Perched in the vineyards and forested Langhe hills of Italy's Piedmont -- about 40 miles southeast of Turin -- Monforte d'Alba is a quiet town of about 2,000 with steep, winding stone streets, overgrown vegetable patches and several crumbling, now-abandoned villas. It also happens to have a handful of fantastic restaurants and a couple of small romantic inns.

My wife and I spent a couple of days in Monforte d'Alba as part of an anniversary getaway in October and came away wishing that nothing would change.

During those two days -- in which we took walks in the woods, visited castles and vineyards in neighboring villages and spent a lot of time eating and drinking -- we saw not a single tourist bus or souvenir stand. Still, with the Olympic Winter games coming to Turin and the nearby Alps in 2006, some hope that this area will get a permanent boost in tourism.

We hope it doesn't last.

This is not the sunny Italy of olive trees, Mediterranean scents and boisterous tarantellas, but a more subtle northern retreat of mysterious morning fog, stands of enormous oaks, cedars and poplars, and a patchwork of hills that produce Italy's noblest wine, Barolo.

In October through December, the Langhe region and its main city of Alba focuses on the hunt and feasting on one of the world's most prized culinary commodities: white truffles that smell and taste like a perfect fall morning. In season these fragrant little devils are typically shaved as a seasoning over plates of pasta tossed in butter right at your table.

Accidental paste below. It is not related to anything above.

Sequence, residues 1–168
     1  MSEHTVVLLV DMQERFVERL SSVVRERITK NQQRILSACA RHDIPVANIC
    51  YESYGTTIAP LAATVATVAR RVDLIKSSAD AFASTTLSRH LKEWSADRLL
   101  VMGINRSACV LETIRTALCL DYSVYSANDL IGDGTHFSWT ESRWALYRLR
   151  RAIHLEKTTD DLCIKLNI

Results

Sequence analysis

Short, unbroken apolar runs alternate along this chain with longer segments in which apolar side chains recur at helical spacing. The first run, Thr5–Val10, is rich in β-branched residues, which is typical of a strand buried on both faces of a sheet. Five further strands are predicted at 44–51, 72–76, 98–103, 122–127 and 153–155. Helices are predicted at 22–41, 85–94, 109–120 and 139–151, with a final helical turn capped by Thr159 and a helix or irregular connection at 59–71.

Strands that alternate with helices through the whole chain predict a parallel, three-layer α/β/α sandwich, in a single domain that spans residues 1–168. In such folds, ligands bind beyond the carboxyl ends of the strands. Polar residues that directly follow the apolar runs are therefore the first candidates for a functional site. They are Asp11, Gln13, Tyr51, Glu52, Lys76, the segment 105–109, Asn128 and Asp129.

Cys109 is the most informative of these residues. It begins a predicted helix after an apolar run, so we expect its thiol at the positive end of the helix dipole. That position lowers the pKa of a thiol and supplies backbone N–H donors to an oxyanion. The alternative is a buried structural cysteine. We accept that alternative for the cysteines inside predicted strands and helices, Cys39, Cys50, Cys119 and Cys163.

In Monforte d'Alba, the Villa Beccaris is the hotel of standing that accomplishes what few luxury-class hotels can -- being comfortable in its own skin and surroundings.

Deluxe hotels can be stuffy, charmless enclaves. Certainly it was odd driving through the modest agricultural countryside of the Langhe and arriving to see a guest's Bentley parked in front of the hotel. But despite an Old Europe clientele -- I counted two ascots worn by men -- the Villa Beccaris seems to strike a balance of upscale and relaxed.

The villa is a late-18th-century farmhouse once inhabited by the 19th-century royalist general Fiorenzo Bava Beccaris, a man of wealth, bloody controversy and taste. Built around a central courtyard and gardens with views over the village, vines and woods, the 23 rooms preserve classic charms: uneven terra-cotta floors, baroque-era painted ceilings and palatial wood-framed windows you can fling open in the morning.

Today the hotel is owned partly by the Barolo-based winery Marchesi di Barolo, which seems intent on making its clientele feel like privileged friends of the marquis. It's hard not to be surprised by the little touches, such as the pillow card left after the evening turn-down that announces the next day's forecast. In a closet bigger than some rooms we've stayed in awaited thick monogrammed Frette bathrobes. At breakfast in the vaulted brick cellar, our espressos came with lids to keep them warm. Even the yogurt on the generous buffet -- none of those tacky supermarket containers -- was homemade.

What's more, the staff seemed ready to do more to please.

At breakfast, when a young man in a blazer and an Hermes belt buckle the size of a Mercedes hood ornament asked for a plate of fried eggs with ham, the server showed no signs of being put out and responded by asking how many of slices of ham he wanted. She returned minutes later with a dish cooked to order.

The price for all this starts at about $212 for a double with breakfast -- something we hope doesn't change either.

-- Robert V. Camuto

Hotel Villa Beccaris, Via Bava Beccaris 1, Monforte d'Alba, 011-39- 0173-78158, www.villabeccaris.it.

The Villa Beccaris in Monforte d'Alba, Italy, treats guests like its former namesake owner, a wealthy 19th-century royalist.